(CNN) -- A former Alabama judge accused of checking male inmates out of jail and forcing them to engage in sexual activity was found not guilty Monday on charges of sexual abuse, attempted sodomy and assault, his lawyer said.
Attorney Robert Clark said former Judge Herman Thomas was found not guilty on several charges and the judge in the case granted a directed verdict of acquittal on all the other counts.
The Mobile County district attorney did not immediately return CNN calls for comment.
Thomas, 48, denied wrongdoing. Clark said on October 20 that the judge was trying to mentor the inmates and did not assault them.
The judge does not deny bringing the inmates into his office, Clark said last week. "He was mentoring them. He was trying to get them to do right, to be productive citizens."
Thomas cried after the verdicts were read, Clark said Monday.
"He hugged me and he hugged his wife. And he had a courtroom full of supporters. It all worked out in the end," the attorney said.
One of the alleged victims testified October 19 that he doesn't know why his semen was found on the carpet of a small room used as an office by Thomas, according to The Mobile Press-Register newspaper. But he did say Thomas spanked him with a belt on several occasions, the newspaper reported, and that the paddlings took place inside a jury room, in the small office and at a Mobile, Alabama, fraternity house.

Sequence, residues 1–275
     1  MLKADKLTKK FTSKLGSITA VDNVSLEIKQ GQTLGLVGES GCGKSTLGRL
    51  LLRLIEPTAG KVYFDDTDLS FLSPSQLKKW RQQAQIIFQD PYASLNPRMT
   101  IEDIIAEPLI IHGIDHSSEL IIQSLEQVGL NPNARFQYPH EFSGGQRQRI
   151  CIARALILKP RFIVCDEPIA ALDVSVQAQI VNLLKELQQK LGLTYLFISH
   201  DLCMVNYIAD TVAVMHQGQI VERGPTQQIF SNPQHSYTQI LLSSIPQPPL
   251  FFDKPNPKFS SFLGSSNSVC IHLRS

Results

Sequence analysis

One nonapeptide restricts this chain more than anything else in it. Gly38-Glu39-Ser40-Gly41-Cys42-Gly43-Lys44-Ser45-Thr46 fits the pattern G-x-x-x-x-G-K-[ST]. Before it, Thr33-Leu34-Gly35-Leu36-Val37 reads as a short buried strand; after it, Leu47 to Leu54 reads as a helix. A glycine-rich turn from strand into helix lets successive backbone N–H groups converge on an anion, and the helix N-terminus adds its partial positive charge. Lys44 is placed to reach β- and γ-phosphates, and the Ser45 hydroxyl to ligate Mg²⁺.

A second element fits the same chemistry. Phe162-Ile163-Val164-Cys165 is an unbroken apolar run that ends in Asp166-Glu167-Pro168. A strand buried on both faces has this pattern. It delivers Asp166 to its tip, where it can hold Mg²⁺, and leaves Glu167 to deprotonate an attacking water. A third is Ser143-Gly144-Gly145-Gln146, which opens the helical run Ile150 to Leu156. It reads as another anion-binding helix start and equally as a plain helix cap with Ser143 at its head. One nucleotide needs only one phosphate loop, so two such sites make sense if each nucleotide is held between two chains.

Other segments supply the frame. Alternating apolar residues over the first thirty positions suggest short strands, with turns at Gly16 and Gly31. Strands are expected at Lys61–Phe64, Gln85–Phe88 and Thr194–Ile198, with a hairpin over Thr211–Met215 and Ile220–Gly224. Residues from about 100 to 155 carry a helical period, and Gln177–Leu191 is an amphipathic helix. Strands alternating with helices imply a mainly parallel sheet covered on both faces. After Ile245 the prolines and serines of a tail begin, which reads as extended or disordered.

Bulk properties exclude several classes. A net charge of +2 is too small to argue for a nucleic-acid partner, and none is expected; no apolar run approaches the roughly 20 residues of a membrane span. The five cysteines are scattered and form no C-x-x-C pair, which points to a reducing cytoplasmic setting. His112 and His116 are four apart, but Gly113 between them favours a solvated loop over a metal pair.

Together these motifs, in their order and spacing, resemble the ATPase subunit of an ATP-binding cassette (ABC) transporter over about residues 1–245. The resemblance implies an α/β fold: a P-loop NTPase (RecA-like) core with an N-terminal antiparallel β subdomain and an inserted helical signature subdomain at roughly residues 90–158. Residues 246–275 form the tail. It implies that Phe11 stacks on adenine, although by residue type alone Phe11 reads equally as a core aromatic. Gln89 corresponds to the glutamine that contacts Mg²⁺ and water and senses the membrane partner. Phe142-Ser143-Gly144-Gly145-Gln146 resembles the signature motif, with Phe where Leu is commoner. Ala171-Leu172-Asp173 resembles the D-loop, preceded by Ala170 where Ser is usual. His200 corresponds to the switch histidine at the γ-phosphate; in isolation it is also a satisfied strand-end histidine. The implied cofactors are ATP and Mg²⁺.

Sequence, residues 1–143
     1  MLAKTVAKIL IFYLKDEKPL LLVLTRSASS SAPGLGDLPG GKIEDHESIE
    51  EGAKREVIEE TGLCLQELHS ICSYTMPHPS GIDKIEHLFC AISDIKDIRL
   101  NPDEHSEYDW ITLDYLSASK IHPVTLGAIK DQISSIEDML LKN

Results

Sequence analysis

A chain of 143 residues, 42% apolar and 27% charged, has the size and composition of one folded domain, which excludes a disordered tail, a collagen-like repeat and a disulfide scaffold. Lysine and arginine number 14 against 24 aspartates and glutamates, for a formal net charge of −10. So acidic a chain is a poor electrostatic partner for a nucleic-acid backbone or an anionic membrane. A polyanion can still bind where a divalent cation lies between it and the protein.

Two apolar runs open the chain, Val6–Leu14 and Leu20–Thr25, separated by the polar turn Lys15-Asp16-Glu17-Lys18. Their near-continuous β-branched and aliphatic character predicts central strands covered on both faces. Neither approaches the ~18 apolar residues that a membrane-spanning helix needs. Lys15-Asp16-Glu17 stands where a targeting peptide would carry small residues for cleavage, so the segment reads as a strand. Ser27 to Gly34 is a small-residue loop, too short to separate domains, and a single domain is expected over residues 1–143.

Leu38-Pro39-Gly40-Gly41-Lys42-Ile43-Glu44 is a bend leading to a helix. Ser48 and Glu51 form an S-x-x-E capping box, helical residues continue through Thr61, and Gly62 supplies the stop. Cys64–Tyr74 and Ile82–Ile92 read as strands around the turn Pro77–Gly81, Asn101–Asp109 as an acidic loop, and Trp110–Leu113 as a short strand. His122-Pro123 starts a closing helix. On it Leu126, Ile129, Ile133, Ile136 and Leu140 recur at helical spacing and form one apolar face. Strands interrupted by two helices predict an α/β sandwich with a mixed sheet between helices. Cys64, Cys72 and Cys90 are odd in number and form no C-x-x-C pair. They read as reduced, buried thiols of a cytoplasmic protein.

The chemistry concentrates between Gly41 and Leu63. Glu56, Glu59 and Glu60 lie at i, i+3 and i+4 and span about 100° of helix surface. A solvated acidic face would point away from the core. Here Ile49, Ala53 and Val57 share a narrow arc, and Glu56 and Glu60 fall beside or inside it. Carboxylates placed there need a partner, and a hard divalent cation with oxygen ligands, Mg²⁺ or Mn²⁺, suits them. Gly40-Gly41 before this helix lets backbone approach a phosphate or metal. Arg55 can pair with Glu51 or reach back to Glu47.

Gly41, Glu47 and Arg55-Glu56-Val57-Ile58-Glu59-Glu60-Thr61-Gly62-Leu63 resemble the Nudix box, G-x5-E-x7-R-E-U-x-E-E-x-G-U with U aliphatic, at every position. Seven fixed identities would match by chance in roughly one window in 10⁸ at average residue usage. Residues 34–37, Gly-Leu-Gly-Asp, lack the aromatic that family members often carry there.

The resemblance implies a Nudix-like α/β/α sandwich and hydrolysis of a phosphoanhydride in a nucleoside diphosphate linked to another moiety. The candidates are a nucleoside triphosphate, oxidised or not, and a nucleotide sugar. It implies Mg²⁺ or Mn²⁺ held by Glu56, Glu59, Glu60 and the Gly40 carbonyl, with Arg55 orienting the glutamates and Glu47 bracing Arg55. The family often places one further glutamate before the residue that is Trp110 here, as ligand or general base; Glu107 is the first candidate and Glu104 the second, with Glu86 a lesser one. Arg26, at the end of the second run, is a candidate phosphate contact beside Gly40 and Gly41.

Another man testified that after he was charged with kidnapping and robbery in 2002, Thomas visited him in jail and urged the man to let Thomas decide the case instead of a jury, according to the Press-Register. Thomas convicted him of lesser charges, he testified, and sentenced him to a 90-day boot camp. He said Thomas also beat him with a belt on his bare buttocks about a dozen times at the courthouse, the newspaper reported. Neither man was identified.
"All of them [the alleged victims] were given preferential treatment at some point," Nicki Patterson, chief assistant district attorney for Mobile County, said earlier this month. "And ultimately, when some of them refused to continue participating [in the activities], they were given what I would view as excessive sentences. But certainly while the inmates were involved with the activities we allege, the state would say, it was extremely lenient sentences."
Clark said his client's next hurdle is the Alabama State Bar.
"They suspended him back in March because he got indicted. And we're fighting to give him his law license back," he said.
CNN's Carolina Sanchez contributed to this report.